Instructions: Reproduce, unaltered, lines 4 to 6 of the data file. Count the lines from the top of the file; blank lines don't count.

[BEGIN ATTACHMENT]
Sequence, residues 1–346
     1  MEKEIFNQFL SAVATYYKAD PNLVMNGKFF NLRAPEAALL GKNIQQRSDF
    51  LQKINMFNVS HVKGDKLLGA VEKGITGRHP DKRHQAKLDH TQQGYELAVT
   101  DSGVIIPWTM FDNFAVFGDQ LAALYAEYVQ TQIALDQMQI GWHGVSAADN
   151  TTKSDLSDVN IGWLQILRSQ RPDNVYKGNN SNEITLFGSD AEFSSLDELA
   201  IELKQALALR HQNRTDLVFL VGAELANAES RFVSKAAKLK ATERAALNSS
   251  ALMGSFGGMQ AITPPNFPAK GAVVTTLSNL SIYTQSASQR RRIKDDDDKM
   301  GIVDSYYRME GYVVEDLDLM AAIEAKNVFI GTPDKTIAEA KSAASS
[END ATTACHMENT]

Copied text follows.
   101  DSGVIIPWTM FDNFAVFGDQ LAALYAEYVQ TQIALDQMQI GWHGVSAADN
   151  TTKSDLSDVN IGWLQILRSQ RPDNVYKGNN SNEITLFGSD AEFSSLDELA
   201  IELKQALALR HQNRTDLVFL VGAELANAES RFVSKAAKLK ATERAALNSS